Good Earth

We have fallen in love with this tea. I know it’s nothing special, and it’s all around at home (my mom actually coincidentally sent me with a box of it as well), but wow. Best herbal tea I’ve ever had!

We have been drinking it hot and also making sun tea with it!

It is super sweet—adding sugar would be crazy!

Yesterday morning we started out by planting lettuces in the plant bed we filled the other day. Filling it with all this compost-soil was the hard part- but planting was easy and relaxing.

In biodynamics, the soil is very important. I know I already mentioned making soil using cow manure- but Daniel was also telling us the other day when we were walking around that we should be on the look out for cow bones- he came across a cow skull (am I freaking anyone out yet!?) and he placed the skull in the middle of this bed, then covered it with soil. The bones break down over time and release some great nutrients and other substances beneficial to rich, vital soil, and therefore nutritious, beautiful produce. Good Earth is where it begins.

We also made this solution of seaweed powder- called kelp- and water. We made sure to swirl the water one way before pouring in the powder, and then once the powder was poured, stir and swirl the opposite direction.

Pouring that over the plants, again, just gives them a little something extra- minus all those chemicals!

Here’s what we were transplanting today. We have been monitoring these little guys and watering them- and now that they’re this size they’re ready for the big bed.

We planted in rows into spots which Carrie had already mapped out.

I can’t wait for these to grow! There will be 2 types of lettuce and swiss chard.

I think the thing that’s really fun is that gardening is so rotational- when one plant is getting pulled because it’s reached it’s end, there is room for another to come in. Always something to do!

I have this picture from a few days ago when we worked on the vineyard. Betty, Daniel’s friend, the owner of the property, has the most beautiful deck and view of her vines.

We spent a few hours walking up and down the rows ridding the grapes of any mildew.

For breakfast yesterday, Daniel had bought these mochi things from the store. They’re pressed brown rice with water- and this kind was a cinnamon raison flavor. You slice the sheet of them into squares (looks like slice and bake cookies, actually), and you bake them for about 10 minutes until they really puff up. They were delicious!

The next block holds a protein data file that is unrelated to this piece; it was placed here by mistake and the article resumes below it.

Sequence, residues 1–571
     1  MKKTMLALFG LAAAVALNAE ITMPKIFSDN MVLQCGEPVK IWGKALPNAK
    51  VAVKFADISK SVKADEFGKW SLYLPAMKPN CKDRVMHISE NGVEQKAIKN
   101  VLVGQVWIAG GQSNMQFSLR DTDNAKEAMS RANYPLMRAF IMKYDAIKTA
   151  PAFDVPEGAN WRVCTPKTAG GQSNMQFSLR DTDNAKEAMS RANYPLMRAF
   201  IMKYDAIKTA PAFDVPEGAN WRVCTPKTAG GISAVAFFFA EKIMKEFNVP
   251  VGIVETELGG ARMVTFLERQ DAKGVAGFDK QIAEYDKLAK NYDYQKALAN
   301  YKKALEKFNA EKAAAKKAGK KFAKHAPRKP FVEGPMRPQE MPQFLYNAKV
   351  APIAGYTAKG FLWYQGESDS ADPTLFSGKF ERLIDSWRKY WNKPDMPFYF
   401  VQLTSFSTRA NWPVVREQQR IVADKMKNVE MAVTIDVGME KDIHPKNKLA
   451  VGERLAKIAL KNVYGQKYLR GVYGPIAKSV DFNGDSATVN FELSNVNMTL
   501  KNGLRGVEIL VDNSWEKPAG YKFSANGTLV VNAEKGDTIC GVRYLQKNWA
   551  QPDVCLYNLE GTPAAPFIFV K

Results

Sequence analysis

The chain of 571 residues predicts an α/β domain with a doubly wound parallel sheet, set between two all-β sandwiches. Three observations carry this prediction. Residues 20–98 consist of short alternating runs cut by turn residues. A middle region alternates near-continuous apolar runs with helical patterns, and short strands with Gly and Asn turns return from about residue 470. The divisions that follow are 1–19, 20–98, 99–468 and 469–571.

I filled mine one each with almond butter, butternut squash, and some cheese. My favorite was almond butter, but it was very close!

Fast forward to lunch, Carrie and I made some impromptu wraps on spelt tortillas with some vegetables from outside. Mine had hummus, tomato, cucumber, red onion, and avocado.

I also thew together a quick soup with leeks, garlic, onions, rosemary, basil, cherry tomatoes, plum tomatoes, and eggplant. I let that cook down, then blended it for a bit. Poured it back in the pan, added some milk—taste test—yummm—-perfect for dipping and bread sopping!

After lunch Daniel was nice enough to sign us up for a Farm Tour that was being sponsored by the farms of Amador County (this county). We visited 4 different farms to see what they do and how they do it.

When I read about the first one, I got realllly excited—they had puppies!!!!!!!!!!


And they had goats–which honestly just crack me up. I mean, come on, look at this guy!

The next farm was all flowers and plants, but it was cool because they avoid the gopher problem around here by planting in huge bins! I thought these peppers were beautiful! As we were walking down the rows, I was saying you could make an excellent salsa off this farm. Sure enough, at the end there was salsa! And it was delicious!

Next was an olive farm. This is an olive tree here. The leaves are silver-ish.

With the olives, you either have to brine them or press them for some olive oil. This farm sells olive oil, and they had a taste test set up. We were to saturate our little pieces of bread and squeeze the oil off with our tongues—taste the bread last. Yum!

Lastly, we went to a farm that had horses and bulls and other animals too.

This farm was hosting the end of the tour dinner.

I actually won a jewelry bag and some earrings (which I don’t like so much) in a raffle!

I’m sure you can guess- but there was wine there. We got a bottle of red zinfandel- which is the most popular wine here.

Daniel urged Carrie and I to bring our own plates and bowls, and silverware too. It’s not hard to bring your own, and it rids the need for all of that waste of plastic and paper that we use far to much of!

I think others were jealous πŸ˜‰ (doesn’t Daniel have such pretty bowls!)

Dinner was not what we expected. We heard they were roasting Β a pig so we expected baked beans, corn, and potatoes. We were very wrong, but happy about it! There was Mexican food made using ingredients from the local farms.

And a great soup too! I just ate everything together- fruit, beans, vegetables, rice—it was great all in one bite!

I was laughing at this sign as we left the farm…


Daniel has some friends in town visiting, so these next few days should be fun! John is a musician and I can’t wait to hear him play his guitar! Hey, even if we have to shovel some shit today and fill Daniel’s truck with caw manure again, I think some background music will make it all alright πŸ™‚

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6 Responses to Good Earth

  1. MICHAEL RIZZO says:


  2. Matt says:

    Good update. That Mexican looked awesome. You should try and get Daniel to make a guest post. I want to hear his honest feedback of how you and Carrie are doing. Would like to hear from his perspective. Keep living the dream. Love and miss you.

  3. Pingback: Pepper and Progress | jamelafamela

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